GREENFIELD — The Indiana Court of Appeals has overturned a local judge’s findings in a legal battle over the estate of a Greenfield man who was killed by his wife in 2013.
The appellate court found that half of a gun collection owned by the late Gary Roberts should have remained in his estate and not have been inherited by his wife, Elizabeth Roberts, who shot him in their rural Greenfield home and committed suicide several months later.
For more than a year, the assets in Gary Roberts’ estate — his gun collection sold at auction for more than $500,000 — have been tangled up in an outstanding lawsuit filed by Martha Blevins of Greenfield, who was in a car accident involving Gary Roberts shortly before his death.
Blevins was seriously injured in the accident, having broken her collarbone, pelvis, right leg, left ankle and multiple ribs, said her attorney, Kevin Betz. She also suffered a brain injury, Betz said.
Gary Roberts was estimated to have been driving more than 100 miles per hour when he struck Blevins’ car as she was pulling out of her driveway, Betz said.
Blevins already has received $150,000 from Gary Roberts’ estate, but Betz said his client’s care is ongoing.
“The accident was as violent as an accident can be,” he said.
Betz did not specify a dollar amount his client is seeking, adding that because her injuries have not fully healed, it is impossible to predict what her final medical bills will be.
But assuring half the gun collection remains in Gary Roberts’ estate will allow Blevins to seek more in damages.
Elizabeth Roberts shot and killed her husband after reporting to local law enforcement that he suffered from drug and alcohol abuse, and she feared he was going to hurt himself or others.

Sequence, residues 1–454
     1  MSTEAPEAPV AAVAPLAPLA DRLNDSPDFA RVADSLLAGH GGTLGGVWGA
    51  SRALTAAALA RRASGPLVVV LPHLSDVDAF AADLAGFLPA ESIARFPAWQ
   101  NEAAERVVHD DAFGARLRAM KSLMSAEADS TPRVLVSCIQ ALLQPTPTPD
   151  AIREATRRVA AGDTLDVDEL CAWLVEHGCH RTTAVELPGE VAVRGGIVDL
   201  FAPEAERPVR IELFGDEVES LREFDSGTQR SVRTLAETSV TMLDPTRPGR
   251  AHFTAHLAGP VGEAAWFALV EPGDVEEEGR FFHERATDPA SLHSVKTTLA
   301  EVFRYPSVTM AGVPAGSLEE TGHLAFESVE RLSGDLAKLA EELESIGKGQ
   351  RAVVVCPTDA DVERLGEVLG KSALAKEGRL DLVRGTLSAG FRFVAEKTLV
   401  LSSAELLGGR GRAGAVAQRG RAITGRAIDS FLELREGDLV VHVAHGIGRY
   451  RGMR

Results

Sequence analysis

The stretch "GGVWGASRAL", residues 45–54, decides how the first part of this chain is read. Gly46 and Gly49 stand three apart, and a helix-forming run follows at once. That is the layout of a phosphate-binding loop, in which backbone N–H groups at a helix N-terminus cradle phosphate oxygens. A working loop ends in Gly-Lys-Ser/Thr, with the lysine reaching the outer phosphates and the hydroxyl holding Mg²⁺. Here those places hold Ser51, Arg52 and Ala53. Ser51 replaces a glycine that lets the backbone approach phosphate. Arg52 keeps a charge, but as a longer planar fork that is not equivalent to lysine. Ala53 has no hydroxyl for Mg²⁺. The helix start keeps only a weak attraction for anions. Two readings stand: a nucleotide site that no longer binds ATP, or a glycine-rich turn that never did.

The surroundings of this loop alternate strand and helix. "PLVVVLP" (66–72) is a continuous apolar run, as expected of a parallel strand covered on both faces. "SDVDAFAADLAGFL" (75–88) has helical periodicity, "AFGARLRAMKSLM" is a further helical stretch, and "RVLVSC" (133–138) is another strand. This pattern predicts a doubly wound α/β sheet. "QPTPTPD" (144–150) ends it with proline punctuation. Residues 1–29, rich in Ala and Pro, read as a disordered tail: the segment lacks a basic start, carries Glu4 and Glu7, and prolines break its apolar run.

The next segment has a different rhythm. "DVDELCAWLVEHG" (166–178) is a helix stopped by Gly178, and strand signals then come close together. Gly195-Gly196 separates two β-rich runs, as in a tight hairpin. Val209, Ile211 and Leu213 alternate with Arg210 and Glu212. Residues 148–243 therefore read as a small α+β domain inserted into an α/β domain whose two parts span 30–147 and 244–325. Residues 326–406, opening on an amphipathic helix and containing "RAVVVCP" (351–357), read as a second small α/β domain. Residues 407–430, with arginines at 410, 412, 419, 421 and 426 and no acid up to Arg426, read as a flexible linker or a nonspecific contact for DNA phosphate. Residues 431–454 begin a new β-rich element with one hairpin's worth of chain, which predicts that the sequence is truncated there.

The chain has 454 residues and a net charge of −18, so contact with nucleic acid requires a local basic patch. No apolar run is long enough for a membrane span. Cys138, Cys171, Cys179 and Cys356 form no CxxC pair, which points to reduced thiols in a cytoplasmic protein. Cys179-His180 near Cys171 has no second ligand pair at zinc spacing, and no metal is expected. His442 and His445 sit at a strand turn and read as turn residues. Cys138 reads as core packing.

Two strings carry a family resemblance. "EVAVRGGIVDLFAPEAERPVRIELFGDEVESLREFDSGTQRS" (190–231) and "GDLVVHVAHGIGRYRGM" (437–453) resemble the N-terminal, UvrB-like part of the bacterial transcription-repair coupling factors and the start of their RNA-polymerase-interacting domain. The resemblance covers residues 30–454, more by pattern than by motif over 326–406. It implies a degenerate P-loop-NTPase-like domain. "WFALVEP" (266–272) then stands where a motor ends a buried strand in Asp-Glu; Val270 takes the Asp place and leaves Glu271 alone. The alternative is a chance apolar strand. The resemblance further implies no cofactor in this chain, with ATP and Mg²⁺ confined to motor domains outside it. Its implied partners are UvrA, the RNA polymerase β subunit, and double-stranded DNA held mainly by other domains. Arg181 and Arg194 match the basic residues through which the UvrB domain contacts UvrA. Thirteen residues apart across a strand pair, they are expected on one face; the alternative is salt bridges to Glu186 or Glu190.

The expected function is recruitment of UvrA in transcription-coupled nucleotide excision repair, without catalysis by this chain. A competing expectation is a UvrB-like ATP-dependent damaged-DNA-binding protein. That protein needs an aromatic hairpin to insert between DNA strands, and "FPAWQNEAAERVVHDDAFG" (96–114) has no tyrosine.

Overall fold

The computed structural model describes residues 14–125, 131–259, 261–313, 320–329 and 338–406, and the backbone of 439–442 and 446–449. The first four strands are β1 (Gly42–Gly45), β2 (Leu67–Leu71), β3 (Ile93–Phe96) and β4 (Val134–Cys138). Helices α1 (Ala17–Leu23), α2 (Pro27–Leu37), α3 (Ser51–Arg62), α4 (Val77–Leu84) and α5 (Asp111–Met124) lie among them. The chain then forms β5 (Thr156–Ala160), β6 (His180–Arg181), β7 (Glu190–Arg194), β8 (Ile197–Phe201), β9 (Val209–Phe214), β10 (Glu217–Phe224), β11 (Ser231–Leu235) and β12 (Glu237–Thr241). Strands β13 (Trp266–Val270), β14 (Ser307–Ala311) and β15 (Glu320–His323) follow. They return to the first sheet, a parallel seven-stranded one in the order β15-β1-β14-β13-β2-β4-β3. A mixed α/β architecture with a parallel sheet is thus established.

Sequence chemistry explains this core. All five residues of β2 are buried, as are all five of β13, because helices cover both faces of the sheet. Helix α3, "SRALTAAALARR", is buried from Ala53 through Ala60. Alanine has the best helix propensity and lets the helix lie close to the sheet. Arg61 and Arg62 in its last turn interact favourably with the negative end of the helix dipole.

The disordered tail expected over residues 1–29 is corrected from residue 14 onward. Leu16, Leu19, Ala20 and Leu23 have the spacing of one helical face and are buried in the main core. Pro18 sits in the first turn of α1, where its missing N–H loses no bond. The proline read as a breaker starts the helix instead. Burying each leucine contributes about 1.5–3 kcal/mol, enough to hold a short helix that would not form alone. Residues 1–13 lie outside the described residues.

Police were on the way to the Roberts home to confiscate Gary Roberts’ weapons and take him in for an evaluation when Elizabeth Roberts admitted to her husband that she had contacted police.
Elizabeth Roberts told police her husband was enraged. Gary Roberts reportedly went to his basement, where he had an extensive collection of weapons, and began loading a gun.
His wife shot him, an act the prosecutor later said was in defense of others when he declined to file charges.
Elizabeth Roberts took a lethal overdose of medication months later.
Hancock Circuit Court Judge Richard Culver ruled in June 2014 that Gary Roberts’ gun collection constituted household goods.
The distinction was important; household goods are inherited by a surviving spouse’s estate.
The appellate court overturned Culver’s ruling, stating that because Elizabeth Roberts had little access to the gun collection kept in the basement, the guns could not be argued to be household goods.
After Elizabeth Roberts committed suicide, the guns were sold at auction, bringing in more than $500,000. Some of that money was to be earmarked for local charities, officials said.
Attorney Eric Allen, who handled both the Robertses’ estates, said he has not determined whether to fight the appellate court ruling.
“Not sure what we’re gonna do with it yet because the court of appeals, what they did was reweigh the evidence in front of the judges … that’s not what they’re supposed to do,” Allen said.
If Allen contests the ruling, the Indiana Supreme Court will weigh the matter.